NGC 4449 has been forming stars since several billion years ago, but currently it is experiencing a star formation event at a much higher rate than in the past. This unusual explosive and intense star formation activity qualifies as a starburst. At the current rate, the gas supply that feeds the stellar production would only last for another billion years or so.

Starbursts usually occur in the central regions of galaxies, but NGC 4449 has a more widespread star formation activity, since the very youngest stars are observed both in the nucleus and in streams surrounding the galaxy.

A "global" starburst like NGC 4449 resembles primordial star forming galaxies which grew by merging with and accreting smaller stellar systems. Since NGC 4449 is close enough to be observed in great detail, it is the ideal laboratory for the investigation of what may have occurred during galactic formation and evolution in the early Universe.

It's likely that the current widespread starburst was triggered by interaction or merging with a smaller companion. NGC 4449 belongs to a group of galaxies in the constellation Canes Venatici, the Hunting Dogs. Astronomers think that NGC 4449's star formation has been influenced by interactions with several of its neighbours.

This image was taken in November 2005 by an international science team led by Alessandra Aloisi of European Space Agency (ESA)/the Space Telescope Science Institute (STScI) in Baltimore. Other team members include Francesca Annibali (STScI), Claus Leitherer (STScI), Jennifer Mack (STScI), Marco Sirianni (ESA/STScI), Monica Tosi (INAF-OAB), and Roeland van der Marel (STScI).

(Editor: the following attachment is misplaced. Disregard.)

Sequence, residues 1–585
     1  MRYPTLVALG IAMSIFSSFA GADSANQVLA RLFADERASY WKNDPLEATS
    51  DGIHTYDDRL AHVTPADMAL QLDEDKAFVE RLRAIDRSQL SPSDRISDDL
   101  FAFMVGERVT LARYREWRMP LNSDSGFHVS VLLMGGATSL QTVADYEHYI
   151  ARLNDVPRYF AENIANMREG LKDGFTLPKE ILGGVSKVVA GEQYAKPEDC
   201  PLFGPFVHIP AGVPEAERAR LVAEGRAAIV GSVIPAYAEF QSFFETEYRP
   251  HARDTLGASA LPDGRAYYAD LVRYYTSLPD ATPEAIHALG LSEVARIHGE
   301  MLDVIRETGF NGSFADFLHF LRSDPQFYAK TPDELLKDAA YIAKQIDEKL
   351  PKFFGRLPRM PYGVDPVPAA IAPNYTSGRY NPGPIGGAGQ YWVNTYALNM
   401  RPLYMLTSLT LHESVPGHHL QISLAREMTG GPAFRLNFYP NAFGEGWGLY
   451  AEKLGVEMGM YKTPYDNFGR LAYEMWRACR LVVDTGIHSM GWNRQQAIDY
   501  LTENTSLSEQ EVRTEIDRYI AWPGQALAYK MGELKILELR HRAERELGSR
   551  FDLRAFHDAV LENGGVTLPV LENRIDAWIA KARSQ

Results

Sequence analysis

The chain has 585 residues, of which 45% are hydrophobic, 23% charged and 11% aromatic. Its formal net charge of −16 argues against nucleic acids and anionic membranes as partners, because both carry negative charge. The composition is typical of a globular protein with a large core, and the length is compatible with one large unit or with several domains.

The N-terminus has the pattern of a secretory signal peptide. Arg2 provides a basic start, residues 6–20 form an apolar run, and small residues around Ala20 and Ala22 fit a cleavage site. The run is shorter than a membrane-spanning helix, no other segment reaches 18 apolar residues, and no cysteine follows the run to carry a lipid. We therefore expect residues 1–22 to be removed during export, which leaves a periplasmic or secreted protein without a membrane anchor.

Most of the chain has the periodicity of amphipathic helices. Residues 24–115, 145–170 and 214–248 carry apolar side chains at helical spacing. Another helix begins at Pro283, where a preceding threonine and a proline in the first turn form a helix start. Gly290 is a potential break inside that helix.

Hubble's Advanced Camera for Surveys observed the NGC 4449 in blue, visible, infrared, and Hydrogen-alpha light.

Image Credit: NASA, ESA, A. Aloisi (ESA/STScI) and The Hubble Heritage (STScI/AURA)-ESA/Hubble Collaboration
Explanation from: https://www.spacetelescope.org/news/heic0711/

Wide-field view of the sky around the Pencil Nebula

Pencil Nebula

This image of the region of sky around the Pencil Nebula shows a spectacular celestial landscape featuring the blue filaments of the Vela supernova remnant, the red glow of clouds of hydrogen and countless stars. It is a colour composite made from exposures from the Digitized Sky Survey 2.

Image Credit: ESO/Digitized Sky Survey 2, Davide De Martin
Explanation from: http://www.eso.org/public/images/eso1236c/

Comet PanSTARRS, Moon, and Venus

Comet PanSTARRS, Moon, and Venus

It is the object to the left of the big tree that's generating much recent excitement. If you look closely, there you can see Comet PanSTARRS, complete with two tails. During July 2015, this comet has increased markedly in brightness and has just passed its closest approach to Earth. The statuesque tree in the center is a Norfolk Island Pine, and to either side of this tree are New Zealand Pohutukawa trees. Over the trees, far in the distance, are bright Venus and an even brighter crescent Moon. If you look even more closely, you can find Jupiter hidden in the branches of the pine. The featured image was taken in July 2015 in Fergusson Park, New Zealand, looking over Tauranga Harbour Inlet.

Image Credit & Copyright: Amit Kamble
Explanation from: http://apod.nasa.gov/apod/ap150723.html

April 25, 2016

The Bubble Nebula

The Bubble Nebula

The Bubble Nebula, also known as NGC 7635, which lies 8 000 light-years away in the constellation Cassiopeia. This object was first discovered by William Herschel in 1787 and this is not the first time it has caught Hubble’s eye. However, due to its very large size on the sky, previous Hubble images have only shown small sections of the nebula, providing a much less spectacular overall effect. Now, a mosaic of four images from Hubble’s Wide Field Camera 3 (WFC3) allows us to see the whole object in one picture for the first time.